We have previously generated a semi-synthetic single-chain variable fragments (scFv) phage display library built on a thermodynamically stable single-framework scaffold. All scFv antibodies selected from this repertoire showed high thermodynamic stability and were expressed as soluble molecules in bacterial cytoplasm. In this work, two complementary methodologies have been adopted to assess the functionality of library-derived scFvs as intracellular antibodies and to verify the possibility to directly use this repertoire for the selection of antibodies able to function in a reducing environment. The possibility to improve the performance of this highly stable antibody repertoire was evaluated subjecting the library to thermal denaturation and renaturation in the presence of a reducing agent before biopanning procedure. The scFv clones obtained after this treatment resulted the same isolated using standard biopanning conditions, suggesting that the selection efficiency of this repertoire is not affected by disulphide bonds formation. This evidence was confirmed by surface plasmon resonance analysis, measuring antigen affinity of a panel of library-derived scFv fragments both in oxidizing and reducing conditions. We observed perfectly comparable rate constants for antigen-scFv interactions in both antibody redox formats, demonstrating complete functionality also in the absence of intra-domain disulphide bonds. The experimental data point out that it is possible to straightforwardly isolate from this library scFvs with different specificities able to be functionally expressed in the cell cytoplasm. Hence, this library represents a valuable source of intrabodies for therapeutic applications. © 2007 Elsevier B.V. All rights reserved.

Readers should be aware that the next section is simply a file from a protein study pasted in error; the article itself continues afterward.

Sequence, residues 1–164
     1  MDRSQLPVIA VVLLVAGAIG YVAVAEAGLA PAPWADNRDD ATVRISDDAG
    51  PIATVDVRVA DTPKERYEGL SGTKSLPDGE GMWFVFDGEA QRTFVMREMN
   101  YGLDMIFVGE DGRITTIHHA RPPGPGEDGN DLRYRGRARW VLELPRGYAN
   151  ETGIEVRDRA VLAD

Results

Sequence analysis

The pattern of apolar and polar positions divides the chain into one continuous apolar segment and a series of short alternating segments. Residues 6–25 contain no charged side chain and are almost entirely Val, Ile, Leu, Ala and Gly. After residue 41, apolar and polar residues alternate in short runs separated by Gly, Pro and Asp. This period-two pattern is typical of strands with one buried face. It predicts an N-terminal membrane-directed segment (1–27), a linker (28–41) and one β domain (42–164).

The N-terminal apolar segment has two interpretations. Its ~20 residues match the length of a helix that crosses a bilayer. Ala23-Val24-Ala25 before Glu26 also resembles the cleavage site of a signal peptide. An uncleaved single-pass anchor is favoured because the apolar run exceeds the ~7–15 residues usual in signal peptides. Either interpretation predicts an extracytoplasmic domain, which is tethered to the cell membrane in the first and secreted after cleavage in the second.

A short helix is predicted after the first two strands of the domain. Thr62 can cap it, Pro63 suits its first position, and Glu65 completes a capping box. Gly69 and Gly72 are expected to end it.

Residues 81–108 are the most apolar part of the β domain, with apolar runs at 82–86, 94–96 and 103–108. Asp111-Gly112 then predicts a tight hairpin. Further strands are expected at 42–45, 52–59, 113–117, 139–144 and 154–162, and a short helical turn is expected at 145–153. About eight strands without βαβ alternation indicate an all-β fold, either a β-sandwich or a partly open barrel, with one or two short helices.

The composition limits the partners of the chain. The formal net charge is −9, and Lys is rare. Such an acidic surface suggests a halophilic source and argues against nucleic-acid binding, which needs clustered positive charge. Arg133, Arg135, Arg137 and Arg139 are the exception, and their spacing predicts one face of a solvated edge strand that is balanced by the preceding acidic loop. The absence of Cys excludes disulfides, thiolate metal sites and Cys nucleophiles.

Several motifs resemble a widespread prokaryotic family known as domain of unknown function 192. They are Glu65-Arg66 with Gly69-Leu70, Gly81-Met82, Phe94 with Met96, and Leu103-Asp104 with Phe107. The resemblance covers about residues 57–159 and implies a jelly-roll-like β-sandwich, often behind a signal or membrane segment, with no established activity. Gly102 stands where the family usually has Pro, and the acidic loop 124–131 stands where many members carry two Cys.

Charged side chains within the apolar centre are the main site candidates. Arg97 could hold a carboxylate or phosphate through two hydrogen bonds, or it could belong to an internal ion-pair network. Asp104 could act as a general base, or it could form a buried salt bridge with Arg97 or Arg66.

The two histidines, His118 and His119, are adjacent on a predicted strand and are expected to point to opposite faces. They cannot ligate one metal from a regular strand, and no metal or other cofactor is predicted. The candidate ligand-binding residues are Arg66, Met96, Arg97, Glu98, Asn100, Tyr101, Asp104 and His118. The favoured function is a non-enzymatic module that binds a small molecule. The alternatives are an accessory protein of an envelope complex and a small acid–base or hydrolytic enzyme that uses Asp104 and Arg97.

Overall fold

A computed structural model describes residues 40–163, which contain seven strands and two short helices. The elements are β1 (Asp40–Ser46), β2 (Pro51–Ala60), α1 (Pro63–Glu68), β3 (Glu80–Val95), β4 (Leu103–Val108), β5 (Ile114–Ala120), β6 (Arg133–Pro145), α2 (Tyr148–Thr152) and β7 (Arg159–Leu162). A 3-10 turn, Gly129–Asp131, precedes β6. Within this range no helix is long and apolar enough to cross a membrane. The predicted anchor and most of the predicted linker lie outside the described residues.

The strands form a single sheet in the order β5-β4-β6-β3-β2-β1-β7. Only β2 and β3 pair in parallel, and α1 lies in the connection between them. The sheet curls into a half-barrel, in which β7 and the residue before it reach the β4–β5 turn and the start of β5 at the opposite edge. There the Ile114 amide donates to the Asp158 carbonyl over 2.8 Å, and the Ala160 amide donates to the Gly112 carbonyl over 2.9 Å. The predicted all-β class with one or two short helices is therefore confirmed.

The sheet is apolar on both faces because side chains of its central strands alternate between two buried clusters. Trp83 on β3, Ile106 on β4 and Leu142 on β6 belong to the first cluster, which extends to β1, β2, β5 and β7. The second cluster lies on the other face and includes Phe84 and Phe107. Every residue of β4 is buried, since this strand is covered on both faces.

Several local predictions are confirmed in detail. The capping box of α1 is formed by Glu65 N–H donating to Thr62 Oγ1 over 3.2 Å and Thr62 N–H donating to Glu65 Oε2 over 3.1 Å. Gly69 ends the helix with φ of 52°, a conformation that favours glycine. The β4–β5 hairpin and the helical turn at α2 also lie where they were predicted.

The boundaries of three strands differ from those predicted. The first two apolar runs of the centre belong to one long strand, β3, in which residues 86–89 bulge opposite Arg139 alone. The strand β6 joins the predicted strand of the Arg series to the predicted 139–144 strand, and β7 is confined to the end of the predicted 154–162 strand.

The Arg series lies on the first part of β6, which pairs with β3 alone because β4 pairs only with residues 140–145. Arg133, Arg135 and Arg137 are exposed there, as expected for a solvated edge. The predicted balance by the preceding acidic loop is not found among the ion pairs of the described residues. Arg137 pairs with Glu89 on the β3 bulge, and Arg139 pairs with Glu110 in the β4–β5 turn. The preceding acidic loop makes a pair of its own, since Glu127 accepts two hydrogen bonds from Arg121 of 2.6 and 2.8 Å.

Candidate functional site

All Science Journal Classification (ASJC) codes
Villani, M. E., Carli, M. D., Donini, M., Traversini, G., Lico, C., Franconi, R., Benvenuto, E., & Desiderio, A. (2008). Validation of a stable recombinant antibodies repertoire for the direct selection of functional intracellular reagents. Journal of Immunological Methods, 329(1-2), 11 - 20. https://doi.org/10.1016/j.jim.2007.09.003